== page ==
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Next Generation Passives for Defense Electronics


by Chris Reynolds, Technical Marketing Manager, AVX Corporation

s a vertical market, all areas of Defense Electronics from portable communications to transportation, avionics and shipborne radar are pushing for higher performance in terms of downsizing, higher temperature operation, higher data rates and higher power. At the same time, historic performance needs remain a given they must be robust (shock, vibration, temperature extremes), highly reliable, able to powerup after periods of dormancy and based on components with minimal obsolescence. From high data rates to high power, one common requirement is the control of parasitic elements. All passive components characteristics can be

simulated by lumped models incorporating capacitance, resistance and inductance but in many emerging applications, the closer the component can perform to an ideal model, the better. Consider the higher data rates being handled by all digital applications in the latest generation of remote devices. From drones to mules, real-time communication with homebase requires terabyte download capability for imaging, video and local onboard analysis. As ASICs (including programmable arrays and analog digital [ADC or DAC] conversion for sensors) continue to evolve everincreasing processing power, the need for purer, and higher capacitance, lower voltage solutions has to keep in step.

Figure 1: Relative loop sized on the PCB for main low inductance capacitor families

Figure 2: LGA designs can give significant reduction in current loop area. Via placement is important to obtain best performance on the board.

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Figure 3: High CV stacked capacitors that utilize base metal electrode (BME) technology to deliver ultra-low ESR/ESL Multilayer ceramic chip capacitors (MLCCs) used for ASIC decoupling must achieve lower parasitic elements to reduce the total reactance of the device in the application. This reactance can be separated into resistive and inductive components, i.e. low equivalent series resistance (ESR) and low equivalent series inductance (ESL). Fortunately, the ESR is a function of dielectric thickness (and, in turn, voltage rating), so the trend toward lower voltage applications requiring thinner dielectrics and higher layer counts (for increased capacitance) comes hand-in-hand with intrinsically lower ESR. Unfortunately, the ESL of a standard design MLCC is largely geometric and increases with the size of the component which is not at all helpful for higher capacitance requirements. The closer to the core ASIC or programmable array, the more critical becomes the control of the ESL. The geometric effect on ESL arises from standard capacitors being 2-terminal devices, so the base ESL characteristic arises from the part size itself the two terminals effectively define a current loop for the signal, and the AVX, Cont on pg 98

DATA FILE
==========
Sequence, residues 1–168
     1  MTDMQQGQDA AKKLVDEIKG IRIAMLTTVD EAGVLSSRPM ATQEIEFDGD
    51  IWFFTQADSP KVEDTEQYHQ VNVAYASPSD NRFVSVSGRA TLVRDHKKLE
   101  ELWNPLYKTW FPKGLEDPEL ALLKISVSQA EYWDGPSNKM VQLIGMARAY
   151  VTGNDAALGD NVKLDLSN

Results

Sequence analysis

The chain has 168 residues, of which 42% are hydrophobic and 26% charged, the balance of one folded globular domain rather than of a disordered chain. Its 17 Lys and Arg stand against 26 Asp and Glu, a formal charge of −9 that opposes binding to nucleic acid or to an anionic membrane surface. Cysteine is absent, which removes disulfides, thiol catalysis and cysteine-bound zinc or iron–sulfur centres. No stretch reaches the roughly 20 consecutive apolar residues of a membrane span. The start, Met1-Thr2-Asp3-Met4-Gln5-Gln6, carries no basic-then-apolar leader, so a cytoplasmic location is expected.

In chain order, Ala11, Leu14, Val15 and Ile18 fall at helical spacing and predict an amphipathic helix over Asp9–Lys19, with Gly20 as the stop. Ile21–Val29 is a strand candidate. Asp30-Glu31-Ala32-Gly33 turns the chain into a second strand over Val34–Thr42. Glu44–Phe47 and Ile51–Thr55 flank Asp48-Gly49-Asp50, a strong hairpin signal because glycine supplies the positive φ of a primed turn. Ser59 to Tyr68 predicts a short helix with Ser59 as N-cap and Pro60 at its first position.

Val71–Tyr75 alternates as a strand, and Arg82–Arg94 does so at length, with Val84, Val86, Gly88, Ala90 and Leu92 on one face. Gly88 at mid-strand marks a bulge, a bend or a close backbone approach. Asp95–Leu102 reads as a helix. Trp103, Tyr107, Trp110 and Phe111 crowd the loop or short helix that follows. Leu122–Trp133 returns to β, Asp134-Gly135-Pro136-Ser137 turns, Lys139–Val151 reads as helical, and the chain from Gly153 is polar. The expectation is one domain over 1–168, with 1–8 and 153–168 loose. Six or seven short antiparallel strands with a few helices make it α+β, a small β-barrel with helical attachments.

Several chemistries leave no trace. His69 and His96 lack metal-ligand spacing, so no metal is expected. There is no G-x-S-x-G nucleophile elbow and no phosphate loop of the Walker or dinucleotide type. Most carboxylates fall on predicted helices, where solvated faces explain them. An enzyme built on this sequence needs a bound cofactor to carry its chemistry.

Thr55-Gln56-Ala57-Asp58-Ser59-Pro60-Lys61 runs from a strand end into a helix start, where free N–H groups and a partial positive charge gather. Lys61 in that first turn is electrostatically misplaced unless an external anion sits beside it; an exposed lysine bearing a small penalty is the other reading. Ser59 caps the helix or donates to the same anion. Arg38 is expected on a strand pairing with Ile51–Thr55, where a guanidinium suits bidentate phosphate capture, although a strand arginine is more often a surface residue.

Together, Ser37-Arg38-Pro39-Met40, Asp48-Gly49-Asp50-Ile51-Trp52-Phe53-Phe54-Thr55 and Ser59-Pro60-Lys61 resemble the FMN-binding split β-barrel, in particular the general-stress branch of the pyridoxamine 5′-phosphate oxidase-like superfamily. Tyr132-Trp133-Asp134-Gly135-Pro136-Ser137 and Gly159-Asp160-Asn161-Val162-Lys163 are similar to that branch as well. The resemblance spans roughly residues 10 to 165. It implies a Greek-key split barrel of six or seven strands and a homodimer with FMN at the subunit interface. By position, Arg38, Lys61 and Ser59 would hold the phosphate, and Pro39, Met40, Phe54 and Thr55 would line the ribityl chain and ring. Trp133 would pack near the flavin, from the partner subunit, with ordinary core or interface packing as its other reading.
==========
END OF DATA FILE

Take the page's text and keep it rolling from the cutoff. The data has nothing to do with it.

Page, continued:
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FEATURE ARTICLE

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Figure 4: Aeroflex AWARESBSA modulation domain analysis function results Figure 3: Aeroflex AWARES spectrum and spectrogram display

Figure 5: Aeroflex AWARESBSA modulation domain analysis function results of a single pulse Aeroflex, Cont from pg 14 the presence of these real-world effects can be investigated. Yet another alternative is the combination case, where the signal from an actual radar is recorded, and used as the basis for a signal environment. The total signal environment, as described, can be gener-

Figure 6: Aeroflex AWARESBSA pulse analysis function results of a stimulus/response pulse pair

ated using the VSS software, which might include AWGN, or interference, other ECM, etc. In this case, both the actual radar signal and real-world

effects can be combined, creating a complex, realistic testing scenario. Aeroflex, Cont on pg 94

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Figure 4 WTG, Cont from pg 46 cedure section. We need to find a reasonable value for the noise density, No, in order to calculate the system SNR. The total system noise will be a combination of natural background RF and electronic system noise. The formula to calculate thermal noise power is (Np = kTB), where the noise power Np is equal to (Boltzmanns constant, k) x (temperature in Kelvin) x (bandwidth B). The standard temperature for an external antenna is 62 F, or 290K. The noise power in a 1Hz BW is equal to 4.004e -21 W/Hz. This value normalized to 1mW in a 50 system displayed in a logarithmic scale is